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Superannuation investment choices

Discussion in 'Other Asset Classes' started by Tim & Chrissy, 24th Mar, 2016.

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  1. Tim & Chrissy

    Tim & Chrissy Well-Known Member

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    We have generally used the diversified/balanced investment options in our industry Super fund, especially post GFC.

    A friends wife who is a similar age (30's) has always invested her entire balance in the high risk option. She now has roughly double the super we do.

    We are considering going down the same path and shifting to a safer investment option a few years prior to retirement (most likely in our 50's or 60's). Any thoughts?
     
  2. bob shovel

    bob shovel Well-Known Member

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    I think I have mine at to a "50% gamble option"

    I'll be waiting till I set up a smsf, although cbus does allow you to play with your own over a certain amount
     
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  3. Scott No Mates

    Scott No Mates Well-Known Member

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    Yes, no and maybe. (depends upon your circumstances).

    I had shifted a % across to the higher growth option as well as all new contributions. The balance has remained in the growth portfolio.

    By shifting all $ into high growth, you lock in the losses from the current period of instability and returns may look pretty poor. If you shift all new contributions to high growth then you will be exposing a smaller proportion of your $ to the bear market and transfer across more when the market starts to stabilise.
     
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  4. bashworth

    bashworth Well-Known Member

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    At your age I had most of my super in Shares/Growth.

    Now I am semi retired I aim for around 3-4 years pension in conservative and the remainder in growth. This allows me to ride out the dips but I want to get plenty of growth as I am planning to live for another 20 years plus!

    The share market is pretty much down now although it has gained from the low of mid Feb so I am moving a recent windfall across to growth. I am moving $10,000 a month to even out the risk of a sudden fall.
     
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  5. beachgurl

    beachgurl Well-Known Member

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    Mine's in high risk. I don't see super being my major income source so I'm fine to be riskier with it
     
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  6. The Falcon

    The Falcon Well-Known Member

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    High Volatility is a better descriptor than High risk. Yes, growth exposire is what you want if you have a long runway. Then closer to retirement more fixed income/cash. The balanced option as a default for young people is a total dud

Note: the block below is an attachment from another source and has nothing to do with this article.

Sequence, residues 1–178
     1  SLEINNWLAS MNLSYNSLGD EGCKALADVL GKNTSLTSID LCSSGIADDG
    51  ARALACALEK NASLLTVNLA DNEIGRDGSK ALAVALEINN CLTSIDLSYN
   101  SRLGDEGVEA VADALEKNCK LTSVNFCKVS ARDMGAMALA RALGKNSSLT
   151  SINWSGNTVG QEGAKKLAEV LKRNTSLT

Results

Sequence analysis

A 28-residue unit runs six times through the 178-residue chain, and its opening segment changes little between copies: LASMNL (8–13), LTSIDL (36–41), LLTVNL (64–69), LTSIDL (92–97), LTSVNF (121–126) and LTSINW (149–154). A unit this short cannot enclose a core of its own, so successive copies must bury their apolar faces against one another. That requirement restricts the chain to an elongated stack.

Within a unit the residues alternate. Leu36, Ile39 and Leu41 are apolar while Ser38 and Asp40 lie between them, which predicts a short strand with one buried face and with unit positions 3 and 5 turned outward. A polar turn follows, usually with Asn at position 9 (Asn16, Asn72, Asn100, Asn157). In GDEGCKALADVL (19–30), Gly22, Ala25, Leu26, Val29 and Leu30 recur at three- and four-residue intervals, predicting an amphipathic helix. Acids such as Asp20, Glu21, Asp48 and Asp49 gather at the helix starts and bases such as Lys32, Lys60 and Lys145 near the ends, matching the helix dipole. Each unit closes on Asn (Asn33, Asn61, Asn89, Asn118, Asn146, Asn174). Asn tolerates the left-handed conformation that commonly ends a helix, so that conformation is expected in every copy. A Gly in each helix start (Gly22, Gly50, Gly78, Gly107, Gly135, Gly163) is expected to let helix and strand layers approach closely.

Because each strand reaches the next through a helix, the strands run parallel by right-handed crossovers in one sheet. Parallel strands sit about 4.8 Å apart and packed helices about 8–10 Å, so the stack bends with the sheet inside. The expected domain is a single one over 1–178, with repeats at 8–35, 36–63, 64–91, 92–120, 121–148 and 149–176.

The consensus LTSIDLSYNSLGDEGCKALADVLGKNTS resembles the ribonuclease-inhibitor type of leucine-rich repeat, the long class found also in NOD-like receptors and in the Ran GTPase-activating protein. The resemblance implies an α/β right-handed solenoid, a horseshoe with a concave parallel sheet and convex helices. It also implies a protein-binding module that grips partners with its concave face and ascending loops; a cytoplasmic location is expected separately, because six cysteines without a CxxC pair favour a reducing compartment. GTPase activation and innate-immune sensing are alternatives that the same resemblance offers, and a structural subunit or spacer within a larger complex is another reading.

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  7. Hodor

    Hodor Well-Known Member

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    I was comparing cbus, Australian super and ING pseudo SMSF (my own term) for shares. I feel ING is the best value. $300pa admin is the only fee apart from brokerage and good range of ETFs and LICs along with all ASX300 companies.

    Getting ready to switch, any LIC should beat the pants off what all the super funds I've seen advertise. Especially taking out their management fee. Also get back half the imputation credits as super only has a 15% tax rate from my reading.
     
  8. JDP1

    JDP1 Well-Known Member

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    Generally, the younger you qre the more growth is advised. Conversely, the older you are the more conservative is suggested.
     
  9. Blacky

    Blacky Well-Known Member

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    What does 'balanced' even mean? I'm guessing high in cash/bonds. It allows the fund mgr to charge fees on the balance without having to touch it. Easy coin for them.

    I don't trust superannuation as a vehicle for investment. I'm similar age to you, and we are so far away from accessing it that the rules will have changed so much by the time we get there, we won't recognize it.
    In saying that you have super, so may as well make the most of it. High growth all the way.

    I have two funds with very low balances. Over the last 10years they haven't moved. The only reason I hold them is they both came with a life policy giving my family about $500k on my death. For me they are basically a cheap life insurance cover.

    Blacky

    P.s not a financial advisor. So seek professional advice and don't make investment decisions on what some random dude on the internet says is a good idea.
     
  10. Scott No Mates

    Scott No Mates Well-Known Member

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    It may provide cheap life cover but if you do not have a current binding death benefit, the fund may ultimately decide who it will pay upon your death.

    As for your funds not having moved much in 10 years - you're in the wrong fund if this is the case. Look after your super the same as your other investments - lots of attention. If the return is unsatisfactory, check out superratings for a guide as to the better performing funds. Long term average return of many industry funds is over 8% which can't be too bad.


    Disclaimer: I have NFI.
     
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